In the second hour of the hearing, the focus moved to Trump’s claims of voter fraud in a handful of key states, most notably Georgia and Pennsylvania.

Again, the focus was on Barr’s deposition, in which he dismissed Trump’s claim of widespread cheating in Philadelphia as “rubbish.”

“The turnout in Philadelphia was in line with the state’s turnout,” Barr said. “And, in fact, it was not as impressive as many suburban counties. There was noting strange about the Philadelphia turnout.”

Barr called Trump’s claims about fraud in Philadelphia “rubbish.”

If Trump wanted an “obvious explanation” for his defeat in the Keystone State, Barr added, he only needed to look in the mirror.

“In Pennsylvania, Trump ran weaker than the Republican ticket generally,” the former attorney general said. “He ran weaker than two of the [statewide] candidates, he ran weaker than the congressional delegation…”

“He generally was a weak element on the Republican ticket,” Barr continued. “So that does not suggest the election was stolen by fraud.”

Prominent GOP election attorney Benjamin Ginsberg told the select committee that the “basic problem” the Trump campaign had with their election challenges was that the 2020 vote was “not close.”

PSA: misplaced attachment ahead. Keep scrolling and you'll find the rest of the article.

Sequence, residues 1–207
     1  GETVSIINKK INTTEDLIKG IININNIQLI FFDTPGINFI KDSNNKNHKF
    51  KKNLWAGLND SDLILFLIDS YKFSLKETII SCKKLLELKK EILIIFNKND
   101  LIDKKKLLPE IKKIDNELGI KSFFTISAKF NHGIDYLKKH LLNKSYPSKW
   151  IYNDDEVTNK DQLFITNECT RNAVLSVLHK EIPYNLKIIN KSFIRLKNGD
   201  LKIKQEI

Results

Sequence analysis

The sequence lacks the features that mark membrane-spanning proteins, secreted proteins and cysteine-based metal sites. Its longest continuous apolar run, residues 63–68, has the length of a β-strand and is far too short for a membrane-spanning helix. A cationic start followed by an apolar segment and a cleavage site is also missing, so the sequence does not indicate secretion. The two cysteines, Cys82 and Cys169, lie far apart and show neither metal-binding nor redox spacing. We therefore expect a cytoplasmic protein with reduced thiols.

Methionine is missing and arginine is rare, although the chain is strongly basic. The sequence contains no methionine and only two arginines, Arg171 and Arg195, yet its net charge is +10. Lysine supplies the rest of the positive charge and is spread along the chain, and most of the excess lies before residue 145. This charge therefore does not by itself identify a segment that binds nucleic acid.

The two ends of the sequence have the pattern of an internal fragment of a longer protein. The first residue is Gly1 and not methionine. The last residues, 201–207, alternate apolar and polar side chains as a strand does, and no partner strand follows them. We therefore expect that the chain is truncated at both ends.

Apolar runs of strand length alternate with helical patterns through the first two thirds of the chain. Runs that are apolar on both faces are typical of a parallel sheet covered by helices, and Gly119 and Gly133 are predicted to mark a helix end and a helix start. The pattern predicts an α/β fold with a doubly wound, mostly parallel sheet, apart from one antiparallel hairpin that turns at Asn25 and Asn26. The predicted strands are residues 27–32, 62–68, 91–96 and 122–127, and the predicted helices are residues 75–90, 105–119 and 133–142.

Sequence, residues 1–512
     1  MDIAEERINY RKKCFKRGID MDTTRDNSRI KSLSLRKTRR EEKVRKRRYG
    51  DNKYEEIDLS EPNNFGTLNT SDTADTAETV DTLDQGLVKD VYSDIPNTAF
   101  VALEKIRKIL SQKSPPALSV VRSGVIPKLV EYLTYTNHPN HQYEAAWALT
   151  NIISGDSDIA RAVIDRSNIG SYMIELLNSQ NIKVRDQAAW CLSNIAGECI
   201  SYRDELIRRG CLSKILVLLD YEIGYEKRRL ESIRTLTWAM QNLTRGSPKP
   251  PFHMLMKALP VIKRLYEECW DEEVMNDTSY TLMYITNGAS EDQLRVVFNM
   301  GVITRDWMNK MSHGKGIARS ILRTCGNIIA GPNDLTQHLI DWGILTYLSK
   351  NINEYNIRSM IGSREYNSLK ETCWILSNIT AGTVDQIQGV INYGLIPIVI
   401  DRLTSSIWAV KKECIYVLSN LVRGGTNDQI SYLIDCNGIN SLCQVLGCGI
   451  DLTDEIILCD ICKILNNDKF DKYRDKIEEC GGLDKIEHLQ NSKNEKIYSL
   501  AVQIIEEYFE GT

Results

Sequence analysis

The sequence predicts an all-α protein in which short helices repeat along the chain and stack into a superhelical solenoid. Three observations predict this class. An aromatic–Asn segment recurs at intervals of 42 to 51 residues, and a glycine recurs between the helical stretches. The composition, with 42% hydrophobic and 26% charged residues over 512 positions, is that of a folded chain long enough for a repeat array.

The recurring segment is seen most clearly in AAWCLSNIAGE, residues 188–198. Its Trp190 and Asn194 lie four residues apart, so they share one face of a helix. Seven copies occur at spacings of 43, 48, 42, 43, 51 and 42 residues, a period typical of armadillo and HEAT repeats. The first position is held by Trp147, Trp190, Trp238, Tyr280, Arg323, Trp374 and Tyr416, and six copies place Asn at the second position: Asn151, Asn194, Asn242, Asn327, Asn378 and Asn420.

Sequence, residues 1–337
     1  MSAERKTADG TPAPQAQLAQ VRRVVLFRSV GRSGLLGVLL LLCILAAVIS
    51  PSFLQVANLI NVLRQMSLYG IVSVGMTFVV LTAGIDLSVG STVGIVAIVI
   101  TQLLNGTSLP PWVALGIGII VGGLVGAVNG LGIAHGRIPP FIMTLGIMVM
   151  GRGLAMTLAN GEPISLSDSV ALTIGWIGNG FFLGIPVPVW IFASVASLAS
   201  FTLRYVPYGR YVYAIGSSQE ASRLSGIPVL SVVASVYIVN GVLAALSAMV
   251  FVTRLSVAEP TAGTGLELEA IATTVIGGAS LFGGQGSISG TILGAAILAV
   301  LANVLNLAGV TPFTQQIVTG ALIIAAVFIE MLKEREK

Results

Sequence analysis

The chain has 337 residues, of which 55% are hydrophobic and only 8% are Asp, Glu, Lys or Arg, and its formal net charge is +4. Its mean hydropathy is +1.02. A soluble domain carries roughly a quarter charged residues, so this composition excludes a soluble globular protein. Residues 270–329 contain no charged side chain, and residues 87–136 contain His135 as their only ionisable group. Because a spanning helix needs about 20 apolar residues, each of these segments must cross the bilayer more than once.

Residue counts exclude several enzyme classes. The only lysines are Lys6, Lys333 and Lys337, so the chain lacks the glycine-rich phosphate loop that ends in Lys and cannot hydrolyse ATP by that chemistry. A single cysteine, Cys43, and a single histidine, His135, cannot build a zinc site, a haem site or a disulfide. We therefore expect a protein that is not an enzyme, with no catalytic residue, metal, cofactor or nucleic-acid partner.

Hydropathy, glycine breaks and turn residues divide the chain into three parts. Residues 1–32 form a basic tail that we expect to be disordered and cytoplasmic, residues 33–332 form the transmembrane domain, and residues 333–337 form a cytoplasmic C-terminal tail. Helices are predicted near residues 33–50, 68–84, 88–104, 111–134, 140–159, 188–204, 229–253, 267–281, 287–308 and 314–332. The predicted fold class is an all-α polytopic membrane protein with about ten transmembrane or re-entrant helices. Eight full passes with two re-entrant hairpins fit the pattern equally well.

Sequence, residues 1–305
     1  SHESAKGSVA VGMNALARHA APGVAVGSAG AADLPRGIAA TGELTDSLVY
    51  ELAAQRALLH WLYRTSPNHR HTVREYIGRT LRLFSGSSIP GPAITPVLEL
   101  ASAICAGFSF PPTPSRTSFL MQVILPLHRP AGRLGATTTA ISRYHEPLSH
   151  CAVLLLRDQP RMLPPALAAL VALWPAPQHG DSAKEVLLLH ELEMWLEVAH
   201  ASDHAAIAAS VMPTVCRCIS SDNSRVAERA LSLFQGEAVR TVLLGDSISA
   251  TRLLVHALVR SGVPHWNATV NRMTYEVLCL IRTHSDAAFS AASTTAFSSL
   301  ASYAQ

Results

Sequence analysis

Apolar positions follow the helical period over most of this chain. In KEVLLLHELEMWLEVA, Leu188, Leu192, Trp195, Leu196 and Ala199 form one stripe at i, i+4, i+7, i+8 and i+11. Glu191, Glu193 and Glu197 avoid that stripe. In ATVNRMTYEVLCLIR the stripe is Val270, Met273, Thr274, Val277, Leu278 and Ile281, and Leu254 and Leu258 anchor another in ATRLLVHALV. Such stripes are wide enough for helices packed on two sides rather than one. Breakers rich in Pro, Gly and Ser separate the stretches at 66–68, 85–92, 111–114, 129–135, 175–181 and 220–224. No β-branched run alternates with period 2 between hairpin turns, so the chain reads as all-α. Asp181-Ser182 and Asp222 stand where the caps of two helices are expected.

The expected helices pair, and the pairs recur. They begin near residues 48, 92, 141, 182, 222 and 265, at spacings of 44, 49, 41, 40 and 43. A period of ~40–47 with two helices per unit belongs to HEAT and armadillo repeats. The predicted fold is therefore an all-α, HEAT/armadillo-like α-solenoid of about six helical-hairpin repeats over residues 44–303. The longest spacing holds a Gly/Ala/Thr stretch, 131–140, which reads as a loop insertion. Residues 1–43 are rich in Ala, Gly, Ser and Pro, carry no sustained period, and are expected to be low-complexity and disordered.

“In 2000, that was 537 [votes] close [in Florida],” he said. “In this election, the most narrow [state] margin was 10,000-something in Arizona, and you just don’t make up those sorts of numbers in recounts.”

GOP election attorney Benjamin Ginsberg testified that the Trump campaign’s claims were flawed because the vote counts in several states weren’t close.
Photo by Chip Somodevilla/Getty Images

Committee member Zoe Lofgren (D-Calif.) who oversaw Monday’s presentation, also accused Trump and his die-hard backers of swindling supporters who thought they were supporting bona fide legal cases.

In another video presentation, committee senior investigative counsel Amanda Wick detailed that Trump and his allies raised $250 million off his claim the 2020 election was stolen, with $100 million coming in the first week after Election Day. 

However, Wick added, most of the funds were not directed toward “election-related litigation,” but the former president’s newly created Save America PAC. 

Most notably, $5 million of that money went to pay Event Strategies, the firm which helped organize the Jan. 6, 2021 ‘Stop The Steal’ rally that precipitated the Capitol riot.

“Not only was there the big lie,” Lofgren said, “there was the big rip-off. Donors deserve to know where their funds are really going. They deserve better than what President Trump and his team did.”

House Republicans mocked the proceedings on Twitter, suggesting Democrats’ time would be better spent focusing on the country’s ongoing economic struggles.

“Instead of focusing on the economy and other issues that are negatively impacting every single American, Democrats remain focused on their partisan witch-hunt,” tweeted Stephanie Bice (R-Okla.).

Another Republican source declined to respond to Monday’s hearing, telling The Post when asked for reaction: “It was boring.”